In private conversations, Chinese envoys express distrust of Russian dictator Vladimir Putin, and are trying to improve relations with the West, the Financial Times reported on Jan. 10.
According to FT’s sources, China is trying to improve relations with some Western countries and is paying particular attention to ties with Europe, which have been “severely damaged” due to Beijing's support of Russia throughout the war in Ukraine.
Beijing is attempting to “unofficially” convince its European partners that it’s ready to use its influence to deter Putin from using nuclear weapons, act as a potential “peacemaker,” and signals readiness to help with the post-war reconstruction of Ukraine, FT wrote.
While Chinese leader Xi Jinping and Putin have been publicly discussing plans to deepen their relations, several Chinese officials in private conversations with FT journalists “sought to bring clarity to relations between Beijing and Moscow on the Ukraine issue.” According to the article, the same message was repeated by Chinese representatives to some European diplomats.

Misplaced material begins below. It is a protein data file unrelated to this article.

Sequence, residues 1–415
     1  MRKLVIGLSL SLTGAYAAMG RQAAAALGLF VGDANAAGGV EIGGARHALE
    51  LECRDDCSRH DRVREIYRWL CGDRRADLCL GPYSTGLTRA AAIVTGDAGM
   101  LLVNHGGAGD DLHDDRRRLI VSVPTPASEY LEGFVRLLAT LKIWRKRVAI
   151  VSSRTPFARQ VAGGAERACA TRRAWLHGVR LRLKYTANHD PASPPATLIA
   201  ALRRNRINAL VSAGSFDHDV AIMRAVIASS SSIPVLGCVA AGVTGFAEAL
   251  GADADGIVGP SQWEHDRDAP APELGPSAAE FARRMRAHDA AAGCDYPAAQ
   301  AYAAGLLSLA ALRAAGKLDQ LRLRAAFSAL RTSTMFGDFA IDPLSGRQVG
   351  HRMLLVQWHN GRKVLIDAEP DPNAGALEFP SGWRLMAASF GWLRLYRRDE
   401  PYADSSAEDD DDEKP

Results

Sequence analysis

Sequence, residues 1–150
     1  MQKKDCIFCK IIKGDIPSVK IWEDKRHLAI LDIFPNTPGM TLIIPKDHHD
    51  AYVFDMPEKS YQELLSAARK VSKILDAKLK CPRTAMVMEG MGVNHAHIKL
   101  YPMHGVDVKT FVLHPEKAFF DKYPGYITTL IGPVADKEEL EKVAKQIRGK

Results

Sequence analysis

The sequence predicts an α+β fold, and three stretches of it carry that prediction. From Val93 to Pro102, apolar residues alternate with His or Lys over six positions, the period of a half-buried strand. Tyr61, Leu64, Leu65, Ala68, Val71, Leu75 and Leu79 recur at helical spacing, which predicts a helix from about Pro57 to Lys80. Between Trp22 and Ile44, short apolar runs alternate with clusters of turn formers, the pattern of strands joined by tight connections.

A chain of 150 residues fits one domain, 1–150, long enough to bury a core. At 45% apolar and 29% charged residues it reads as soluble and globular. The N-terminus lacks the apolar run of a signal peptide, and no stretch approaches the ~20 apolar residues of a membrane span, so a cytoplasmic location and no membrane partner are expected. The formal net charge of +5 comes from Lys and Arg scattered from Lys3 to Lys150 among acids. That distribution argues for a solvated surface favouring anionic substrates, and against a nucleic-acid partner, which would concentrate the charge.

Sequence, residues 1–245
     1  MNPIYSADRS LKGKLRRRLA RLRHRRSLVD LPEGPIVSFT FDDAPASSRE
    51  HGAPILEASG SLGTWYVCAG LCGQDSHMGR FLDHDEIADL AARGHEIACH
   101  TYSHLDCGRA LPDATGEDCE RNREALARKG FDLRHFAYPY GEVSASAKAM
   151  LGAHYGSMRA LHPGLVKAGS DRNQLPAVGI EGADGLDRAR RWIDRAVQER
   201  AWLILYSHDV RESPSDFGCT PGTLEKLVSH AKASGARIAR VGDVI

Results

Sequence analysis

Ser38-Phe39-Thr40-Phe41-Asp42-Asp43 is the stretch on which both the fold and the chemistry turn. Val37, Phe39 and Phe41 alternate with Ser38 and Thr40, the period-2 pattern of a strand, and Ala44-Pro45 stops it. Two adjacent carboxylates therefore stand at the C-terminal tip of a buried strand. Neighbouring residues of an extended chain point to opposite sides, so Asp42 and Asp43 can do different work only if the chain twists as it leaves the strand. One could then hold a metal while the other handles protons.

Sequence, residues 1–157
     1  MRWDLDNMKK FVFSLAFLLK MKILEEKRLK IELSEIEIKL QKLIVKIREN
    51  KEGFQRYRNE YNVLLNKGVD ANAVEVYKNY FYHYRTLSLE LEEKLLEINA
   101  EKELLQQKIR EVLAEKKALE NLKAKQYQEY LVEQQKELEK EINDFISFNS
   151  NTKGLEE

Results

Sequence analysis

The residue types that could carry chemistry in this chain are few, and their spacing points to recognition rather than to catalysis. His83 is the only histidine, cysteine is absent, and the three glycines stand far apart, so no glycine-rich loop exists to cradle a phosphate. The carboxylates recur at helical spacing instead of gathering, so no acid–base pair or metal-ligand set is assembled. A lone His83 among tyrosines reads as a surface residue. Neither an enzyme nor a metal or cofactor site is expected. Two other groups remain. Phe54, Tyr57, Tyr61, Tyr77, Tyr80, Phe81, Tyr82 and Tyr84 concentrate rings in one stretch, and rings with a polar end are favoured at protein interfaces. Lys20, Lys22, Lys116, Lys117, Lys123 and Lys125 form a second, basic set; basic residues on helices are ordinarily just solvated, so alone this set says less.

“Putin is insane,” one Chinese official said on condition of anonymity.
“The decision to invade was made by a very small group of people. China shouldn’t blindly follow Russia.”
Furthermore, China now reportedly “understands the possibility that Russia won’t be able to defeat Ukraine and it will emerge from the conflict as a minor power.” Despite public declarations of friendship, some Chinese officials in private conversations have expressed distrust towards Kremlin leadership.
The FT’s sources confirmed that Beijing wasn’t aware of Putin's plans before he ordered the invasion of Ukraine.
Due to a lack of understanding of the situation, Chinese authorities demoted then-Chinese Deputy Foreign Minister and chief Russia expert Le Yucheng for not being able to foresee the war.
Earlier, The Wall Street Journal reported that Xi Jinping instructed the Chinese government to establish closer economic ties with Russia. According to sources, China wants to increase its imports of Russian oil, expand energy cooperation, and increase investment in Russia's infrastructure.